The Union sought an assurance that management would not seek to forcibly relocate employees beyond a commutable distance. Management would not give such a guarantee but reiterated that it wanted an agreement rather than to impose its interpretation of 22.9 – which the Union promised to grieve. The Union reserved the right to grieve but indicated that if employees would not be forcibly relocated beyond a commutable distance it would consider an agreement.
Management presented arguments for the creation of many specialized teams, including voltage complaints, Subdivision design, applicant design, Enterprise customer, and Electric Vehicle charging stations. A common argument was that specialized teams do not require as much training once the initial adequacy is reached. Another argument was that in a time of year-after-year load reduction, PG&E should work to make the process of being a PG&E customer easier and therefore increase revenue.
Ad Hoc Committee members agreed that it was important to ease the process of becoming a PG&E customer, but expressed concern that specialization can impair the development of well-rounded estimators. Another concern was whether there be enough work in local headquarters. Also members expressed concerns for themselves and their coworkers becoming pigeon holed within the area of specialization and unable to transfer to other locations or assignments. Management is also seeking the creation of a “new business rep” (NBR) position. Management’s perception is that it is optimal to separate design assignments and new business assignments. Management argued that there are particular skills for each assignment and that it is difficult to recruit and train a population that is both skillful at both.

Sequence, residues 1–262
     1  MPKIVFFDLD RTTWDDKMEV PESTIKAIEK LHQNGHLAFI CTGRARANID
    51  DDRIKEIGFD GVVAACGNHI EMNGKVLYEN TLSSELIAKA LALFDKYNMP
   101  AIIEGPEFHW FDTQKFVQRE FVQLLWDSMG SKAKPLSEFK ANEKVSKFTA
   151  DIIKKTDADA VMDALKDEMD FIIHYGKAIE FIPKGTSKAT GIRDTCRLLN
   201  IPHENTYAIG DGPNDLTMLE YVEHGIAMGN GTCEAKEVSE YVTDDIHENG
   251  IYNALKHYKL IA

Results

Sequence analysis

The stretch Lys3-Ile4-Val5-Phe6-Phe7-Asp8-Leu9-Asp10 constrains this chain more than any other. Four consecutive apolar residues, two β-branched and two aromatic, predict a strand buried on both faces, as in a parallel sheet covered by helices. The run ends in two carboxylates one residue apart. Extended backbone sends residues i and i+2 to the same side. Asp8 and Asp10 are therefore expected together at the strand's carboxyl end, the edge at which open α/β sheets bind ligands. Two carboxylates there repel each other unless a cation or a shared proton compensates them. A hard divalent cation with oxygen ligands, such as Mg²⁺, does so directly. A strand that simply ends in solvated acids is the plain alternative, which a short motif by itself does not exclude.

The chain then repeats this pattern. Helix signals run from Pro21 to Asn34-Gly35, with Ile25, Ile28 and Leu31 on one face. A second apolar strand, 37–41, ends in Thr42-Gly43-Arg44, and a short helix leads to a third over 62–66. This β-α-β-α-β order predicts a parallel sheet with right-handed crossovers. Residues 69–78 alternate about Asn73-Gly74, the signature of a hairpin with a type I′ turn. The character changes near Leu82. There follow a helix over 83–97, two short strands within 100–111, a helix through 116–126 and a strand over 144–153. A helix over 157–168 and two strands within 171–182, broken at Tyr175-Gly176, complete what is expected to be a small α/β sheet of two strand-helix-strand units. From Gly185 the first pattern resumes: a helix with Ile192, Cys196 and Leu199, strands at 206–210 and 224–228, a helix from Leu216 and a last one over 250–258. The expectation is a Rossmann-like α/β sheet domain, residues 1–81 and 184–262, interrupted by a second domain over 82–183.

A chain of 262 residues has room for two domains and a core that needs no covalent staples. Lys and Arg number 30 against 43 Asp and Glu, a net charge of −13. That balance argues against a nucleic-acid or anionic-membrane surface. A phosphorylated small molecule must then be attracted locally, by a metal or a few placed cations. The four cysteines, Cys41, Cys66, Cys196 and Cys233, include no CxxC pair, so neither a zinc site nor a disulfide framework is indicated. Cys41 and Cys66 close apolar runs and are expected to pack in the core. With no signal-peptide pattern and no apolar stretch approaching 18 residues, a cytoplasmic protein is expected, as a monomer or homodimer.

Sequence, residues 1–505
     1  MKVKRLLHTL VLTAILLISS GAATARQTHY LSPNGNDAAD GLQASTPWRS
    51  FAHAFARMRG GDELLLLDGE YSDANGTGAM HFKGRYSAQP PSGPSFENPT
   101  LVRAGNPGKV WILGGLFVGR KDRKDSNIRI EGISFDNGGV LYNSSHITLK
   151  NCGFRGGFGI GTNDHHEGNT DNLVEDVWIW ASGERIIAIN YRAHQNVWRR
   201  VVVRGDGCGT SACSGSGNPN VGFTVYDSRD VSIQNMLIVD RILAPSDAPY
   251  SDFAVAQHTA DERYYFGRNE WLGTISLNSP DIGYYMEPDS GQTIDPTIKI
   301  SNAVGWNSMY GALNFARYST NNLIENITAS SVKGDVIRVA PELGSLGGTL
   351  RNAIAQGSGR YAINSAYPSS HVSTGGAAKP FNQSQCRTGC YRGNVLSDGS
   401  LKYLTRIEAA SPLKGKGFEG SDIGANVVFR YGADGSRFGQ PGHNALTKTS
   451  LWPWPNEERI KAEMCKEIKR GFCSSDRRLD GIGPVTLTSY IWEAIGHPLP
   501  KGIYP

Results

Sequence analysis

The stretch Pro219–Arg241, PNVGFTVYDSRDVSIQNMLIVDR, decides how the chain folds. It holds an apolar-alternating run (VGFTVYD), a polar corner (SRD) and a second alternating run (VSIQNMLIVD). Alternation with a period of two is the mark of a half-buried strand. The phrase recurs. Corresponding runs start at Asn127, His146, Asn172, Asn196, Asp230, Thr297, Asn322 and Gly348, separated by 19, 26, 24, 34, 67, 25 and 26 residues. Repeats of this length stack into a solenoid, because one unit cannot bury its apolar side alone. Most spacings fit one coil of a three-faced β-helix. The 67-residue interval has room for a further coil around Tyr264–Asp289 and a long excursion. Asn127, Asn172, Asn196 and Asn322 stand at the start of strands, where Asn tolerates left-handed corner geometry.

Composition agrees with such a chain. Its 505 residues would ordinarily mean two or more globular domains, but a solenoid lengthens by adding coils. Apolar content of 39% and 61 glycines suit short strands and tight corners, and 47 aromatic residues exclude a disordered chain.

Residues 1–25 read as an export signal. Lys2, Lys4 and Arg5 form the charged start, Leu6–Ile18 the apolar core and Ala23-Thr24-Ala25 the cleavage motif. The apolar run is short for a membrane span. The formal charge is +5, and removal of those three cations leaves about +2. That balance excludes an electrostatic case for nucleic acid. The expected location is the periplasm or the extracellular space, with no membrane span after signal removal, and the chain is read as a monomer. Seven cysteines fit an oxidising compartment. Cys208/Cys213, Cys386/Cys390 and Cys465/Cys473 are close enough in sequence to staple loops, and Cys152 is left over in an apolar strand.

A potential NBR was put into the Service Planning Ad Hoc authorized by the members in general bargaining. Subsequent to that the Union conducted a survey of the members and found they were split as to the advantages and disadvantages.
At the time creation of the Ad Hoc and through the initial meetings with the Company, the Union did not know that management was also considering office consolidation that would potentially result in estimators assigned to a smaller number of headquarters than present. In that light the committee expressed its reservations that the creation of NBR could lead to relocations, curtail employee advancement potential, and affect income security (based on the communicated desire of management to pay NBR’s less than estimators based on their assignment and lack of need for a fully trained estimator).
Management intimated that they were willing to agree to wage protection for estimators assigned to NBR position. The Union stated that it could not take a position but asked why would it agree to less pay and noted that it had many concerns regarding employment security. Management reiterated that it was not its intent to reduce the bargaining unit but that it was seeking these changes to address pressing needs: the new business process and to a lesser extent affordability.
A potentially positive development is that there is a possibility of PG&E working on the other side of the meter to install electric vehicle charging facilities and/or DG. Management stated a receptiveness to having work done by ESC members if there is an agreement.